Interesting facts about Mercury


Mercury is the closest planet to the Sun and due to its proximity it is not easily seen except during twilight.

Mercury is only the second hottest planet.Despite being further from the Sun, Venus experiences higher temperatures.

Being so close to the Sun, the daytime temperature on Mercury is scorching – reaching over 400 °C (752 °F).

At night however, without an atmosphere to hold the heat in, the temperatures plummet, dropping to -180°C (-292°F).

The surface of Mercury is very similar to our moon. It has a very barren, rocky surface covered with many craters.

mercury surfice

Mercury has wrinkles.As the iron core of the planet cooled and contracted, the surface of the planet became wrinkled. Scientist have named these wrinkles, Lobate Scarps. These Scarps can be up to a mile high and hundreds of miles long.

For every 2 orbits of the Sun, which takes around 88 Earth days, Mercury completes three rotations of its axis.

Mercury is the smallest planet in the Solar System.One of five planets visible with the naked eye a, Mercury is just 4,879 kilometers (3,031 miles) across its equator, compared with 12,742 kilometers (7,917 miles) for the Earth.

mercury vs earth

The planet has just 38% of the gravity on Earth. This means that Mercury isn’t able to hold the atmosphere it has and it instead gets blown away by solar winds. However those same solar winds are also bringing in new gases, radioactive decay and dust from micrometeorites – replenishing the atmosphere.

After the Earth, Mercury is the second densest planet. Despite its small size, Mercury is very dense because it is composed mainly of heavy metals and rock – the main characteristic of terrestrial planets.

Mercury is the most cratered planet in the Solar System.Unlike many other planets which “self-heal” through natural geological processes, the surface of Mercury is covered in craters. These are caused by numerous encounters with asteroids and comets. Most Mercurian craters are named after famous writers and artists.

craters mercury

Scientists think that a huge asteroid slammed into Mercury about 4 billion years ago, creating a giant crater about 1,545 km (960 miles) across. Called the Caloris Basin, the crater could fit the whole state of Texas inside it. Researchers have calculated that the asteroid that created the basin had to have been about 100 km (60 miles) wide.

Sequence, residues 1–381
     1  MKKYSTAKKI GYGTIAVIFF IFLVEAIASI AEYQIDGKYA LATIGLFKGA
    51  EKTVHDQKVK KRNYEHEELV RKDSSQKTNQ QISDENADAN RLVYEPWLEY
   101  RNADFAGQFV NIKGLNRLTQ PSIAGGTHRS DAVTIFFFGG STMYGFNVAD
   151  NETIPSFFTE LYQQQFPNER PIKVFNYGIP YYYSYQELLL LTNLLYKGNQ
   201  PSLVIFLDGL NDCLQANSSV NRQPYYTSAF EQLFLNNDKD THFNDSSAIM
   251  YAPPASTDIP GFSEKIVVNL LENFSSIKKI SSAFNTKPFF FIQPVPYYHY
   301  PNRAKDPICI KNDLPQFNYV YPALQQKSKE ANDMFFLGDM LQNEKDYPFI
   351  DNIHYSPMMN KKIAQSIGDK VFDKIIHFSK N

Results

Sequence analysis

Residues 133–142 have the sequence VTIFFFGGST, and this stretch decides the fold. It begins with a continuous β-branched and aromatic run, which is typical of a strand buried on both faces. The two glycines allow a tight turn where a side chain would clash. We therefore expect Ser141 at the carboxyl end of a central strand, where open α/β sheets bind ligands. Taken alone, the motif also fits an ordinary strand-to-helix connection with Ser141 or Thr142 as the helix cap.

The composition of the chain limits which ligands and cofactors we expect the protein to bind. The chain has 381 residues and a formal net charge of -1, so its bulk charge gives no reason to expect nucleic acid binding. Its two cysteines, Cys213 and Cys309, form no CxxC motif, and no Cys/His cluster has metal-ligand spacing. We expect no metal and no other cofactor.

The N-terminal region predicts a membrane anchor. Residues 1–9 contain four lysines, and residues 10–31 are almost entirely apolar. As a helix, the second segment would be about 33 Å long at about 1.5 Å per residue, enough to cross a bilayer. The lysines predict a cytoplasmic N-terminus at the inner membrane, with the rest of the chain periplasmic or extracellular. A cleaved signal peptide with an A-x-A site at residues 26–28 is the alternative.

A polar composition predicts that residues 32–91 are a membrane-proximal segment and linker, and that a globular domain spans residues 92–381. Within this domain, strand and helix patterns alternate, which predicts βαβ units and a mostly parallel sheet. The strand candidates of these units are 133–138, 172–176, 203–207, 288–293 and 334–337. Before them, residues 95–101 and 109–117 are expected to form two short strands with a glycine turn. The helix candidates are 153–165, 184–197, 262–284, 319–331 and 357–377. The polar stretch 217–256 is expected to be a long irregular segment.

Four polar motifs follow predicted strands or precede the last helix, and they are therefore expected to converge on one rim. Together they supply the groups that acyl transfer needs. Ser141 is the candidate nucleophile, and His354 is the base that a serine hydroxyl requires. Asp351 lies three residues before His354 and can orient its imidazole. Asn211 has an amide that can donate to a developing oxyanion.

The orbit of Mercury is an ellipse rather than circular. It has the most eccentric orbit in the solar system and the least circular of all of the planets, according to scientists and astronomers.

Mercury has a weak magnetic field whose strength is about 1% of the magnetic field on Earth.

Mercury’s iron core takes up about 75 percent of the planet’s radius. The huge core has more iron in it than any other planet’s in the solar system. Scientists aren’t exactly sure how Mercury’s giant iron core formed, but researchers think it has something to do with its formation. If the planet formed quickly, it could have left a thin shell of crust over the relatively large core.

mercury core

Mercury has a molten core. In recent years scientists from NASA have come to believe the solid iron core of Mercury could in fact be molten. Normally the core of smaller planets cools rapidly, but after extensive research, the results were not in line with those expected from a solid core.

Mercury is named for the Roman messenger to the gods.The exact date of Mercury’s discovery is unknown as it pre-dates its first historical mention, one of the first mentions being by the Sumerians around in 3,000 BC.

There is  no water on the surface of Mercury, it is possible however that there could be water underneath the surface.

Also, there is no air on the surface but it could be trapped underneath.

Only two spacecraft have ever visited Mercury. It is difficult to reach the planet due to its proximity to the Sun and any spacecraft visiting would need to travel 91 million kilometers into the Sun’s gravitational potential well. The Mariner 10 visited during 1974-75, flying by Mercury three times and mapping half its surface. On March 24, 1975 it ran out of fuel and is still believed to be orbiting the Sun. The MESSENGER probe was launched in 2004 to explore Mercury’s high density, its geological history, the nature of its magnetic field and more. Another mission, BepiColombo, is to be launched in 2015 by the European Space Agency and Japan is expected to reach Mercury in 2019.

The Hubble Space Telescope cannot view Mercury. This is because Mercury is too close to the Sun and the brightness would harm the electrical components of the telescope.